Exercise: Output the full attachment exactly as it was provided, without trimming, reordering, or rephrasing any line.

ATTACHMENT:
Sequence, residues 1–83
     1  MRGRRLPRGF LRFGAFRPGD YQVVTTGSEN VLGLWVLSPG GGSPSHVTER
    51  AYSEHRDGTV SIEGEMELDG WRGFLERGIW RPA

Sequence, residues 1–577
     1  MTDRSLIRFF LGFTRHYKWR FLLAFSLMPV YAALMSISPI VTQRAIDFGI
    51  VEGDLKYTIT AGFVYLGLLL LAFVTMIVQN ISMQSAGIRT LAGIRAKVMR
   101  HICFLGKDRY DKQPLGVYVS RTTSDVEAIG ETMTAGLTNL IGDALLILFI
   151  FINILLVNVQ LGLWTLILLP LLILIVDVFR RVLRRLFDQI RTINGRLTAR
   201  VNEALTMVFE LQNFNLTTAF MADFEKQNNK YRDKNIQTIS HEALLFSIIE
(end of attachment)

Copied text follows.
Sequence, residues 1–83
     1  MRGRRLPRGF LRFGAFRPGD YQVVTTGSEN VLGLWVLSPG GGSPSHVTER
    51  AYSEHRDGTV SIEGEMELDG WRGFLERGIW RPA

Sequence, residues 1–577
     1  MTDRSLIRFF LGFTRHYKWR FLLAFSLMPV YAALMSISPI VTQRAIDFGI
    51  VEGDLKYTIT AGFVYLGLLL LAFVTMIVQN ISMQSAGIRT LAGIRAKVMR
   101  HICFLGKDRY DKQPLGVYVS RTTSDVEAIG ETMTAGLTNL IGDALLILFI
   151  FINILLVNVQ LGLWTLILLP LLILIVDVFR RVLRRLFDQI RTINGRLTAR
   201  VNEALTMVFE LQNFNLTTAF MADFEKQNNK YRDKNIQTIS HEALLFSIIE